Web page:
Generating Media Coverage | Turning Negative Coverage Around | Creative Approaches

Generating Media Coverage

Today’s media and reporters are busier than ever, and an effective communications campaign must be savvier to meet its goals.  Reporters are bombarded with phone calls and e-mails trying to get them to write a specific story or column.  At Blueprint Communications, we work to put our clients above the fray by making a reporter’s job easier – not more difficult.  We anticipate what reporters need, be it interesting quotes or useful data; and then we deliver it in a timely fashion, maximizing the opportunity for our clients.

A large industry coalition relied on a Blueprint Communications partner to increase their media profile and educate opinion leaders on an important public policy issue.  To do this, we anticipated newsworthy developments, reached out to key reporters and endeavored to be the first ones to contact media when news broke — typically, within minutes.  We developed memorable quotes that made good copy while helping to accentuate the coalition’s goals.

As a result, within just a few months, this coalition went from almost no media presence to being included  in the coverage of national, regional, and Capitol Hill media outlets (including TV, radio and print).  These outlets include The Associated Press, Reuters, Bloomberg, The New York Times, Washington Post, Wall Street Journal, Fox News, CNBC, CBS, The Chicago Tribune, The Boston Globe, The San Francisco Chronicle, The Hill and others.  One of the group’s quotes was even included as a headline on The Drudge Report, the nation’s most viewed news aggregator.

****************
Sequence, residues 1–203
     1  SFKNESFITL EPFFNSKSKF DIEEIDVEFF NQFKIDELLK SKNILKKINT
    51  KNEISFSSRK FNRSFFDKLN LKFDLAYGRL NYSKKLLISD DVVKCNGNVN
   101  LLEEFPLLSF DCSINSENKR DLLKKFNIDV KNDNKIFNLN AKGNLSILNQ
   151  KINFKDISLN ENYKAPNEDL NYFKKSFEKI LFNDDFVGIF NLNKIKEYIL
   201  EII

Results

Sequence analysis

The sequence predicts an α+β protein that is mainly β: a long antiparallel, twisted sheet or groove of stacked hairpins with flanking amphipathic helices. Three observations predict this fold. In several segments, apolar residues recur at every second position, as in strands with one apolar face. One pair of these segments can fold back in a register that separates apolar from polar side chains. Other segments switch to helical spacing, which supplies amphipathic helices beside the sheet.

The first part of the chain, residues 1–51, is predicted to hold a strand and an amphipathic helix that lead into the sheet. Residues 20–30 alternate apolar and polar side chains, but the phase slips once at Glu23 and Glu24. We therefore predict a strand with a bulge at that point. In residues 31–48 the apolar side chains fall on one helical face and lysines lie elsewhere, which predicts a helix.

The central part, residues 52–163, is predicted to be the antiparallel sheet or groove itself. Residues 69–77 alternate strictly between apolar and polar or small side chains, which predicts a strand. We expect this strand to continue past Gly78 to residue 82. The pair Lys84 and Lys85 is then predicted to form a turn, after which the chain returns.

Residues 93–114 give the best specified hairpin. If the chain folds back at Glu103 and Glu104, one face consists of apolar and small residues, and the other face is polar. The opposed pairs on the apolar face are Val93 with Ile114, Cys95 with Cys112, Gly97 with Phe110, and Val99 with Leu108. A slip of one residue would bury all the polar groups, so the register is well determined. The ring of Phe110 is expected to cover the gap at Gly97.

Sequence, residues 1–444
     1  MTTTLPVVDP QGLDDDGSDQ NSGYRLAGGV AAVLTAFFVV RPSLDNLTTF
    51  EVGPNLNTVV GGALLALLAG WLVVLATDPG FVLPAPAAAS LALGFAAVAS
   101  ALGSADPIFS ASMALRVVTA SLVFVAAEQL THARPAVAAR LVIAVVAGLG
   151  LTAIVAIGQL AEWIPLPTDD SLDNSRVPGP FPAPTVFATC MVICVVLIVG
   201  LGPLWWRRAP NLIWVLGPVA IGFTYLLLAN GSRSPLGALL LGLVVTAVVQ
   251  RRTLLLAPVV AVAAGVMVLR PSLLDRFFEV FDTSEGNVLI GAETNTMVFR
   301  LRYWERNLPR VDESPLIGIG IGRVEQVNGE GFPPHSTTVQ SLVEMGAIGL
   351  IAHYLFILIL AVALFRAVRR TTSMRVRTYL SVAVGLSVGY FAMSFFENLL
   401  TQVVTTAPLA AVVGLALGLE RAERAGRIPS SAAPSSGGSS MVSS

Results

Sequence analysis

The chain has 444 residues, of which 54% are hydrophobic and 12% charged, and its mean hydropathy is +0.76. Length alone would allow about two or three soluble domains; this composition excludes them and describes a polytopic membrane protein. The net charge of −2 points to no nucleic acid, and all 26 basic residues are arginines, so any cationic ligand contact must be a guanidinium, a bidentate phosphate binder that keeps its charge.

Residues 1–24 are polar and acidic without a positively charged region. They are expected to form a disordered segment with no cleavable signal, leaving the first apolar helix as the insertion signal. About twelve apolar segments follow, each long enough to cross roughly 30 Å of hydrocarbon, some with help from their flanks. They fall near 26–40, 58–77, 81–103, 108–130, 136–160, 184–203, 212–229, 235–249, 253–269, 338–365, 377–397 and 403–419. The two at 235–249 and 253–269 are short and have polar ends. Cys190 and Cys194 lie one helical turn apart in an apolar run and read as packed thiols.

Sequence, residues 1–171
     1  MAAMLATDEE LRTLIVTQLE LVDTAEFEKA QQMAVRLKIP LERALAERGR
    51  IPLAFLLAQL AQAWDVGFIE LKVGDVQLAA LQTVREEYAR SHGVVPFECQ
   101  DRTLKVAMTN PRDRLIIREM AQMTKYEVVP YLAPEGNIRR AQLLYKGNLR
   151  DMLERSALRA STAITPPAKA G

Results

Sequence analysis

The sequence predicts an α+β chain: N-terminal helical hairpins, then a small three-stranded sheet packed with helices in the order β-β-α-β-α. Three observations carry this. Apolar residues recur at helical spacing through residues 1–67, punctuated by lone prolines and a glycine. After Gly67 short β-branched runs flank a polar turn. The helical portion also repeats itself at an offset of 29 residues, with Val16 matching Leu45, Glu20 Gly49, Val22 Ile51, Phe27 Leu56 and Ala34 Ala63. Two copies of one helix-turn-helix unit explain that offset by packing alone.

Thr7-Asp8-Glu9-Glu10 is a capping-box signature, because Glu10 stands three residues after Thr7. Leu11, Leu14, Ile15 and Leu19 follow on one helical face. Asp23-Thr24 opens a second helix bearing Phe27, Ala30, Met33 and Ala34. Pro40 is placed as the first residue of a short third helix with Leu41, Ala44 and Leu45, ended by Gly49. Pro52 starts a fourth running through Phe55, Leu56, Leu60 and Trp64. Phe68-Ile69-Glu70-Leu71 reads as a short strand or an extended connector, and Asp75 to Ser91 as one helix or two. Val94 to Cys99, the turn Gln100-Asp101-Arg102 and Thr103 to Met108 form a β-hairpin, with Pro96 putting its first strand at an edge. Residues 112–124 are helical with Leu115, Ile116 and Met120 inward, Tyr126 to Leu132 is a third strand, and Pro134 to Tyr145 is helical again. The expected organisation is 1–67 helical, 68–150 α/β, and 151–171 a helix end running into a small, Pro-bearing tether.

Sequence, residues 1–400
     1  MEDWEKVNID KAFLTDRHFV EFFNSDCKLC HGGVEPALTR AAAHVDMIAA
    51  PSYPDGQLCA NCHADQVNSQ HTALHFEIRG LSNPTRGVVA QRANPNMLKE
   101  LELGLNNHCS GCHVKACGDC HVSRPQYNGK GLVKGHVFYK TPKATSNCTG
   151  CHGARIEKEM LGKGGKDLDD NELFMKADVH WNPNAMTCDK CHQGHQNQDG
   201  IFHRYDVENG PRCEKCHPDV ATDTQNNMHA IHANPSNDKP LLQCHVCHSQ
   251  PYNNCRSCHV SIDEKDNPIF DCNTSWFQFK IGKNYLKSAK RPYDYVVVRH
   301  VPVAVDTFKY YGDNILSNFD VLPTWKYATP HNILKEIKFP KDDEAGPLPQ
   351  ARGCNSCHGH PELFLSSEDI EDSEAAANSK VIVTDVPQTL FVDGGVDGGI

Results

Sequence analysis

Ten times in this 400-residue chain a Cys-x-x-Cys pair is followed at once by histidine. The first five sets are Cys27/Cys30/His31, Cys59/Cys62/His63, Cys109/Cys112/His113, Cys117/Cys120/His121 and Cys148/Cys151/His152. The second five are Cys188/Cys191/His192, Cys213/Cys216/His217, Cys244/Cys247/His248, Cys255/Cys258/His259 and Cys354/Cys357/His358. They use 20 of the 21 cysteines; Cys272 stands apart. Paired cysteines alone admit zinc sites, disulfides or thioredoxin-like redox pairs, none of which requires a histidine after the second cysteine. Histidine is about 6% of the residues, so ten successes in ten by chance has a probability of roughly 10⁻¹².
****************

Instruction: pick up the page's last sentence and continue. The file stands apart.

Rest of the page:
As part of the effort, we also worked closely with the press offices of key supporters on Capitol Hill.  This coordination led to useful information on Hill and media activities.


Turning Negative Coverage Around

Receiving a bombardment of negative coverage can be a harrowing experience.  For many, the first instinct is to adopt a ‘bunker mentality’ and not engage with the press.  Others may choose to engage with the media, but then inadvertently make the problem worse.  At Blueprint Communications, we walk our clients through the media maelstrom by helping them organize their facts, decide on a message, and thoughtfully engage with reporters.

Blueprint partners spent several years working with a coalition of businesses who were being attacked in the media, and under assault in city halls and state legislatures.  Despite a limited environmental footprint, the industry found itself being regularly challenged by fringe environmental groups.

Our team worked with the coalition to build new messages that centered on the industry’s jobs and small business owners.  This new focus allowed the coalition to go on offense against its critics and dramatically change the coverage surrounding the issue.  When our work began, most stories on the issue were one-sided, but once the coalition began employing new jobs-focused messaging and relying on small businesspeople to act as spokespersons, news stories on the issue became remarkably balanced.


Creative Approaches

At Blueprint Communications, we focus on developing creative messages and tactics, as well as finding ways to reach out to allies who can further spread our message.   There is no standard ‘playbook’ at Blueprint, but rather a thoughtful and specific approach that is unique to each client’s needs.

A Blueprint partner worked with one of the largest coalitions in Washington, helping them develop and execute their media strategies on an ongoing basis.  When they wanted to improve public education on their issue in a half dozen target states, our partner recommended the construction and deployment of “classrooms on wheels” that could spend the summer touring county fairs and other public events in targeted states.  Beyond the events themselves, these classrooms helped the coalition generate significant media attention associated with their visits.  The effort proved to be such a success that the coalition has continued to use the classrooms every summer.